I recently gave a presentation at the inaugural Tech Exeter conference called Practical agile: Lessons learned the hard way on our journey delivering digital products. In that presentation I claimed open plan offices are terrible team spaces, but didn’t really elaborate on why. Since then Neil Parker asked on twitter to explain why I thought open plan offices are bad team environments. So here is my totally unscientific personal listicle to explain why!

1. Agile teams are really noisy!

And thats ok, within the team. After all a user story is a placeholder for a conversation, and lots of conversations take place to describe a design, solve a problem or get feedback on the latest user research. After all:

The most efficient and effective method of conveying information to and within a development team is face-to-face conversation.

But put lots of agile teams together in an open plan office and the noise levels can become unbearable, each team has a need to communicate, but noise volumes grow exponentially the more conversations are happening:

  • Team A are having a conversation.
  • Team B start a conversation and talk a bit louder to be heard over Team A.
  • Team A then increase their volume so they can be heard over Team B.
  • And so on ad-infinitum.

If you are trying to concentrate on a given problem or focus on coding this can quickly become unbearable. This is why you see so many developers in open plan offices wear headphones which ironically stifles conversations from taking place in teams.

2. Agile teams like to do show and tells in their team space.

Where better to demo the work you have done in the last sprint than in the team space, there is a wealth of useful information in agile team areas and stakeholders get a much richer experience being able to see the sorts of things the team are working on up on the walls. The team are in a space they are comfortable in, and have materials easily to hand to answer questions or elaborate more.

But in an open plan office your show and tell can easily get disrupted by people walking past the team space having a conversation, or the team across from them discussing their work.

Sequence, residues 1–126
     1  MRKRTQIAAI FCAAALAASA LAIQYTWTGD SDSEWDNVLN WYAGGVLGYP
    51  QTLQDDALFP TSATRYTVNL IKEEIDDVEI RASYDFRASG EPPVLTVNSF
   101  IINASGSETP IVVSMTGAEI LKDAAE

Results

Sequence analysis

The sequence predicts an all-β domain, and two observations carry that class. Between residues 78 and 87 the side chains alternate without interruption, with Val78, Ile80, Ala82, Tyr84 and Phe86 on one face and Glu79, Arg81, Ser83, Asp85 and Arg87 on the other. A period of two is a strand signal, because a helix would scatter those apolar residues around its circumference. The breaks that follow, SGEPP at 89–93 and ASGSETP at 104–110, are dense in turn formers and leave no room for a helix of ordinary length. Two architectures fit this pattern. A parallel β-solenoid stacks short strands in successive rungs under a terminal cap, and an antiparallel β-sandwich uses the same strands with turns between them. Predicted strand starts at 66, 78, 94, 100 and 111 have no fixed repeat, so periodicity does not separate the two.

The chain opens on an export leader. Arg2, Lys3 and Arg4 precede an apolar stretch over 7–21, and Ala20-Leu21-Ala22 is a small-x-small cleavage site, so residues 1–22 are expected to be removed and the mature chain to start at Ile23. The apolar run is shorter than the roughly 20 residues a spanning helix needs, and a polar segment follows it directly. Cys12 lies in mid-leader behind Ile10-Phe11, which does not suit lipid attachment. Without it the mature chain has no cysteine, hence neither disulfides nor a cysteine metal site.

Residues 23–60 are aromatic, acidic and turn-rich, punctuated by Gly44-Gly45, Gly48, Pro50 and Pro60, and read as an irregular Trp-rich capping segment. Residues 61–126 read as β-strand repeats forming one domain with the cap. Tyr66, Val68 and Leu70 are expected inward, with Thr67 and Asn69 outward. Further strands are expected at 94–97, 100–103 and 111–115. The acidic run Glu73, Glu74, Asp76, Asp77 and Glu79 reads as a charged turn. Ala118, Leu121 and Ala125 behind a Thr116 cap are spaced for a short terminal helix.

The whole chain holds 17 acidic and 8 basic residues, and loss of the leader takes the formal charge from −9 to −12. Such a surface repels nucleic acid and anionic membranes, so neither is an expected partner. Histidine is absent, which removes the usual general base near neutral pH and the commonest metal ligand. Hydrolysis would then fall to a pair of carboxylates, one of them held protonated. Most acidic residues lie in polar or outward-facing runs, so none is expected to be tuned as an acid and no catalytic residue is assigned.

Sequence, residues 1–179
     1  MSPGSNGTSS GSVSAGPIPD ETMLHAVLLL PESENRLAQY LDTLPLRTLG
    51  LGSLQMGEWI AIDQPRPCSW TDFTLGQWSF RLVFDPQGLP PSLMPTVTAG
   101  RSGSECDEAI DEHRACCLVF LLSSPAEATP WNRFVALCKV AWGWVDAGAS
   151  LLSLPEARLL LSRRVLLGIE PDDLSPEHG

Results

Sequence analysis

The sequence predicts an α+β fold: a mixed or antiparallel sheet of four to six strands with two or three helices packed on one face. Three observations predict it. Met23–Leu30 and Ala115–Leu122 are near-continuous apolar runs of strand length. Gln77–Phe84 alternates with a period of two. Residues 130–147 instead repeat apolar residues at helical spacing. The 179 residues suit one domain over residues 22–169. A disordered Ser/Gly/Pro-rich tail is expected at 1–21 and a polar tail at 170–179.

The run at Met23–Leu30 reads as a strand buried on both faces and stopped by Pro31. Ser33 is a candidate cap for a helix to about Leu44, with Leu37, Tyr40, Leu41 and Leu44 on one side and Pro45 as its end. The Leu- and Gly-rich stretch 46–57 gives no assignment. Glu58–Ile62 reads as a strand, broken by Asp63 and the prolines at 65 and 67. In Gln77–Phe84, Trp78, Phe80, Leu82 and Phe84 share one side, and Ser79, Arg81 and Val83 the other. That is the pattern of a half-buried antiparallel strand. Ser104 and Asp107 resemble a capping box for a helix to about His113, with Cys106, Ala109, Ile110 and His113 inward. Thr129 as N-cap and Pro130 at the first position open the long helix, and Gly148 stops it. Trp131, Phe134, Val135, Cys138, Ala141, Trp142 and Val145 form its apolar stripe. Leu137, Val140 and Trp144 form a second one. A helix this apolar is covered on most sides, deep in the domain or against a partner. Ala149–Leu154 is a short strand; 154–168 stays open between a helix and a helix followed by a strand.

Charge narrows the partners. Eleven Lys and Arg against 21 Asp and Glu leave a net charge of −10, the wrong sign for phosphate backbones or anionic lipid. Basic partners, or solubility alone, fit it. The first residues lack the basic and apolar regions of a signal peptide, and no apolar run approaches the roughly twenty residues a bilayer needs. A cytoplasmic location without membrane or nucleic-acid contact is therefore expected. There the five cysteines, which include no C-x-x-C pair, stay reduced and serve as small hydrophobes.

The process of show and tell is of course disruptive to others in shared spaces too. Some teams choose to book a meeting room but I feel that the richness of the ceremony is lost as a result. I believe stakeholders subconsciously absorb the information around them in team spaces and gain a greater understanding of the product being developed when surrounded by team walls.

3. Wall space is the prime measure of currency in agile teams.

Agile teams love wall space, for drawing ideas, demonstrating research, or really important team metrics:

In open plan offices wall space is like hens teeth, instead we end up using puny whiteboards that are never quite big enough or look untidy and cluttered dotted in between desks or jutting out into floor space.

4. Agile teams like to feel safe.

When you are communicating about everything verbally it can feel quite exposed discussing problems or issues in an open plan office. Team’s need to feel safe in their space to be able to raise concerns without fear of others judging what is going wrong in their project. Open plan offices don’t allow a team to feel like they can raise a concern without being overheard by others, reducing the effectiveness of identifying problems before they become issues.

5. Agile teams have fun.

That’s part of being a team, building a camaraderie, a clique. If you are in an open plan office, and you’re talking, and occasionally laughing and having fun. If you have a pointy haired boss this can be perceived as not being productive, not focusing on the work, shirking on the job. If other teams dont get to work they way you do, this can lead to resentment.

Even if you dont have an evil pointy haired boss, team members can feel more exposed and more nervous about being themselves at work for fear of what their peers may think. If people aren’t comfortable in their work environment, their happiness and productivity drops.

Anyway I hope that explains why I think open plan offices are terrible collaboration and working spaces, let me know what you think.